Impact Of Foreign Players In European Leagues: La Liga
Football has truly become a global game. With its spread across the world—never so prominent than in this millennium—every major European league has been able to attract hidden talent from every corner of the planet. Subsequently, it has changed the demographics of the best leagues in terms of its first XI as well as the full squad. Debojyoti Chakraborty brings you a whole new series on these foreign imports. Sit back, relax, and let Goalden Times take you on an incredible trip. The fourth instalment of this series features La Liga.
Spain has been on the top of UEFA’s associations’ club coefficients rankings for the past five years. Moreover, since the inception of the system in 1979, Spain has topped the rankings for a total of 18 years—more than any other European association. This is understandable if we take stock of the following achievements:
• Most number of UEFA Champions Leagues, the topmost continental glory – 15
• Most successful club in the top-tier continental tournament – Real Madrid (10)
• Most successful club in the second-tier continental tournament – Sevilla (4)
• La Liga is the first and only league to be represented by both finalists in a UEFA Champions League final on two occasions, the last time as recently as in 2013–14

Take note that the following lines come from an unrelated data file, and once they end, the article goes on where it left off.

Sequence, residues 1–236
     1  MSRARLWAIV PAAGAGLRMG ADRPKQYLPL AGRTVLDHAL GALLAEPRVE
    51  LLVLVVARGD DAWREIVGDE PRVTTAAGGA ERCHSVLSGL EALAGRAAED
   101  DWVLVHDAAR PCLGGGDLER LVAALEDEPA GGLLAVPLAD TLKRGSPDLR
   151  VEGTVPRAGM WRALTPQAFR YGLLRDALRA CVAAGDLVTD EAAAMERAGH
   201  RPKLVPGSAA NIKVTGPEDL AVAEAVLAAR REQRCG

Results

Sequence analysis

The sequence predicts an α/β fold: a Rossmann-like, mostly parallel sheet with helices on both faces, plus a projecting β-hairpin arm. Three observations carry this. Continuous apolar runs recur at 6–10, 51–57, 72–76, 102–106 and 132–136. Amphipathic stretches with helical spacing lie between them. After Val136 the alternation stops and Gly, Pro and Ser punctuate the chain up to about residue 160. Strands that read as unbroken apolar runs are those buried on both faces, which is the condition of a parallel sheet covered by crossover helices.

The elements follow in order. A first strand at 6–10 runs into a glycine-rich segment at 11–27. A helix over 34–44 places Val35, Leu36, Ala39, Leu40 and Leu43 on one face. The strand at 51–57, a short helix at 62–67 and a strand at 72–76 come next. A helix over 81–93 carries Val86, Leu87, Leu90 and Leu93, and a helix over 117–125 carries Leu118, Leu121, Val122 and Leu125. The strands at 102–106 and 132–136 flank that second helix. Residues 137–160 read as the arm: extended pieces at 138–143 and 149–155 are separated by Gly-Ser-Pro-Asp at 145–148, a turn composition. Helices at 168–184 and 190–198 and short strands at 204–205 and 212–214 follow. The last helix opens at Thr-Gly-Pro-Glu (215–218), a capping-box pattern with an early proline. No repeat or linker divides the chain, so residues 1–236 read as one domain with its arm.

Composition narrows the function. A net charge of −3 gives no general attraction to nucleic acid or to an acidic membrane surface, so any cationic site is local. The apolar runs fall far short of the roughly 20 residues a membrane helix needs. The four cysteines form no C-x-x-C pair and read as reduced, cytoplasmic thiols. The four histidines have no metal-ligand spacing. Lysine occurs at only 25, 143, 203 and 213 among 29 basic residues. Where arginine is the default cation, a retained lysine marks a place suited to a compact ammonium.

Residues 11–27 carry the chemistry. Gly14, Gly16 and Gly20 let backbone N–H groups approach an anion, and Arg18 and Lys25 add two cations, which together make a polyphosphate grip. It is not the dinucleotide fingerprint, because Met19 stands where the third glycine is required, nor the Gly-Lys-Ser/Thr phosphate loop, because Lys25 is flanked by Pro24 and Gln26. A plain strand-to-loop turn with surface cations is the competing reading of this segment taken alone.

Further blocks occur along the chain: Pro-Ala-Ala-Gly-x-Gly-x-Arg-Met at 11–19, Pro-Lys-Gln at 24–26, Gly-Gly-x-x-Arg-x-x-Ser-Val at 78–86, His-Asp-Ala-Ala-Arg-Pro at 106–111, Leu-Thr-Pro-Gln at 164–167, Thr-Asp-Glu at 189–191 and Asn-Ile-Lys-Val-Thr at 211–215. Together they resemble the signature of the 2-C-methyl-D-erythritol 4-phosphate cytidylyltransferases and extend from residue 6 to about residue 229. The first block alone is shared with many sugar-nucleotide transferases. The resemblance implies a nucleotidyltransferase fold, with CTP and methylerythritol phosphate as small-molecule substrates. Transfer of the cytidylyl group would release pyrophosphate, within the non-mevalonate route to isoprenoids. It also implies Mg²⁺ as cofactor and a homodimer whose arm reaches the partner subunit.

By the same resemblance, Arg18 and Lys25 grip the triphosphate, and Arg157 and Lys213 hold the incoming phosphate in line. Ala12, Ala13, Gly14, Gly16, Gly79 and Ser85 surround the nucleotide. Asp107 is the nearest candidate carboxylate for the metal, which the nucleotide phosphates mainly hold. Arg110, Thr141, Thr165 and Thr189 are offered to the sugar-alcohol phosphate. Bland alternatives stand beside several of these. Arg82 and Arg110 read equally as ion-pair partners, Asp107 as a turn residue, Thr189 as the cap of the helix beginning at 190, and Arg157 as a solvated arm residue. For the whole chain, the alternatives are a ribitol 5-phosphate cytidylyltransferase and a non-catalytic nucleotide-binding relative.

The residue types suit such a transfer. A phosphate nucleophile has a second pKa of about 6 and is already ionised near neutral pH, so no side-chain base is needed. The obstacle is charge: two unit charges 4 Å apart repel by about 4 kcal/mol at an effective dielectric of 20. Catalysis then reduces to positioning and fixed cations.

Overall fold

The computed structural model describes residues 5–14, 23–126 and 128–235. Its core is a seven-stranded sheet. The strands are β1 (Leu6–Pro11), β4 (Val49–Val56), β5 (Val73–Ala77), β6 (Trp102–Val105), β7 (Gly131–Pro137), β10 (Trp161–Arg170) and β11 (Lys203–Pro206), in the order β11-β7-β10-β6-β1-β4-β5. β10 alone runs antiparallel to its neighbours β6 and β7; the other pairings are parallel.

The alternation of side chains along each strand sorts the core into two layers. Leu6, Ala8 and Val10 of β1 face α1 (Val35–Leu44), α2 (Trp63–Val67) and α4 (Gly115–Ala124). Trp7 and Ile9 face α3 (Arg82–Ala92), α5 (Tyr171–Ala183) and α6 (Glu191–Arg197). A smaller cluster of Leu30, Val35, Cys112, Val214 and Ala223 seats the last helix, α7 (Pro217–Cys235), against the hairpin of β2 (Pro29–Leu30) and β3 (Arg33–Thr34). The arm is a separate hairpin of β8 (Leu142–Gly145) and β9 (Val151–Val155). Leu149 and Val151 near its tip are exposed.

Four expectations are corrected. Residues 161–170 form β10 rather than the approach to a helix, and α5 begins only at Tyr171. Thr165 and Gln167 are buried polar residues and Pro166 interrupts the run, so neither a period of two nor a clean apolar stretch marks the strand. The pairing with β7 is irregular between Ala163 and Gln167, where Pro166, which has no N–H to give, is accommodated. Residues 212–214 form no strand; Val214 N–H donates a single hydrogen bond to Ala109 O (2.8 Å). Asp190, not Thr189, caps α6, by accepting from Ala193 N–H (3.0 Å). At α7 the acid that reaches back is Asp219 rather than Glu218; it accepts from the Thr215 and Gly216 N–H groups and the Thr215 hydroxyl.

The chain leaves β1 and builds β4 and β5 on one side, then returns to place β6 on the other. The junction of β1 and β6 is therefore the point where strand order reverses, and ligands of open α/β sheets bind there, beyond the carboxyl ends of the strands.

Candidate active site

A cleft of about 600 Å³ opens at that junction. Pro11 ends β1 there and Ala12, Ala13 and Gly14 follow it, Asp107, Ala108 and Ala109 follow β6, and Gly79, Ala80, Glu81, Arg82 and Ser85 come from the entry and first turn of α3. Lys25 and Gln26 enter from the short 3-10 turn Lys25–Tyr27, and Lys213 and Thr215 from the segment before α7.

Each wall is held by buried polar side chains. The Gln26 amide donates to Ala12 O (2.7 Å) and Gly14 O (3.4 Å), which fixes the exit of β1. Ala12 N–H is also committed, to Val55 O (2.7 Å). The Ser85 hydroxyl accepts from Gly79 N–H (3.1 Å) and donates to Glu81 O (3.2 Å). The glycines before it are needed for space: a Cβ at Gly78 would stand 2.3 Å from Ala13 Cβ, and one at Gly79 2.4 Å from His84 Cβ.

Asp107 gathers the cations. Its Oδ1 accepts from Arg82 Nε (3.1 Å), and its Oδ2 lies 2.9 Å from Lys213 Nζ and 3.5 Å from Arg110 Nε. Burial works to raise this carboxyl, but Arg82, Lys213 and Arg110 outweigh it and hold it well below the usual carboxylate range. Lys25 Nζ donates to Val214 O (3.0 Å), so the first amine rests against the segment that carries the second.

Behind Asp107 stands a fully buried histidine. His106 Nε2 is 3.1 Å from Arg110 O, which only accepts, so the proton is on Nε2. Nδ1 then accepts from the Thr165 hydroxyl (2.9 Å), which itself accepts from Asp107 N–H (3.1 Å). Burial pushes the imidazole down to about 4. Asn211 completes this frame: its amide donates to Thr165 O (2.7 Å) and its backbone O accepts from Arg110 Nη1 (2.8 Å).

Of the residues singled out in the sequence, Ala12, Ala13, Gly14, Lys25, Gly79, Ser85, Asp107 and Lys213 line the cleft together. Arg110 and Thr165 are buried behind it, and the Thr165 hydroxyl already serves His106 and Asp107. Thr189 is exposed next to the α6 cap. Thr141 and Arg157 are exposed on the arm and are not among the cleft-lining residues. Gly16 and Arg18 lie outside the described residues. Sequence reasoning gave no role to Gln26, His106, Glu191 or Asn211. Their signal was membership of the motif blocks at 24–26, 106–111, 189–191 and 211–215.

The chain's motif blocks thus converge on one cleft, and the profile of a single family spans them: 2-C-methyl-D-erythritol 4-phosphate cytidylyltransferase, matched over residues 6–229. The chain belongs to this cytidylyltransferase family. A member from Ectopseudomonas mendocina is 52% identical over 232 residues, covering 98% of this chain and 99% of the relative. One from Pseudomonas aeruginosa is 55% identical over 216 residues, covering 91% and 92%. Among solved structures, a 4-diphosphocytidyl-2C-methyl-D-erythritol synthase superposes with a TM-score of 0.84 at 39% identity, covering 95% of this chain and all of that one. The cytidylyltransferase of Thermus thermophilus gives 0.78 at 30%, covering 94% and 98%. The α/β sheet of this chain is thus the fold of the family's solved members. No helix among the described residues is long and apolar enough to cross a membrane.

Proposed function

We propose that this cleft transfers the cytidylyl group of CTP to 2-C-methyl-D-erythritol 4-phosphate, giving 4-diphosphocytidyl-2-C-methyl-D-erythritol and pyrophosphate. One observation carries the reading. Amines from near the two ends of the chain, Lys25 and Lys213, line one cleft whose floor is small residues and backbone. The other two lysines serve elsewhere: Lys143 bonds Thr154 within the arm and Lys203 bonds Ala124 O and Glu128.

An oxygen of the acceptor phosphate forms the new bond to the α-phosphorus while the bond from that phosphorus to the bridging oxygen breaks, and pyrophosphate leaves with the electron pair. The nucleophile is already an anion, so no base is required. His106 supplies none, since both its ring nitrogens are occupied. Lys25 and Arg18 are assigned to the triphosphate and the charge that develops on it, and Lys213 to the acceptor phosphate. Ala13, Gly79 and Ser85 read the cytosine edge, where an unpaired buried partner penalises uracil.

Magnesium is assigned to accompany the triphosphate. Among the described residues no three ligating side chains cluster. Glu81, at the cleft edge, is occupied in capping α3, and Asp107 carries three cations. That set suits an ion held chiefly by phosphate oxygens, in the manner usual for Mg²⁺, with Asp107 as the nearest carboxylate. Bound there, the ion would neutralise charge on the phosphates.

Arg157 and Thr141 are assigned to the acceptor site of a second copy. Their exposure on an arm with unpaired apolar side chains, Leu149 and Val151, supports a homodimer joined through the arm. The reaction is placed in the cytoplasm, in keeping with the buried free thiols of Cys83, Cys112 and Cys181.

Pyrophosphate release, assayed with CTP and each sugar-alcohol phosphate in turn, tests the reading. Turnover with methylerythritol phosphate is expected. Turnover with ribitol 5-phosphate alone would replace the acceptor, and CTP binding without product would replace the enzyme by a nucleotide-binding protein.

• Most number of UEFA Best Player in Europe awards (3)
• Highest representation in FIFPro World XI and UEFA Team of the Year
All the above facts point to the strong performance of the Spanish club in continental competitions. It is no wonder that with the participation of all these clubs, La Liga has turned out to be one of the best domestic league in the world. Surprisingly, the average attendance in La Liga, a little over 10 million in 2013–14, lags behind that of Germany’s Bundesliga and England’s Premier League. While that has something to do with average stadium capacities, no one can deny the fact that the best of talents are unleashed in La Liga week in, week out.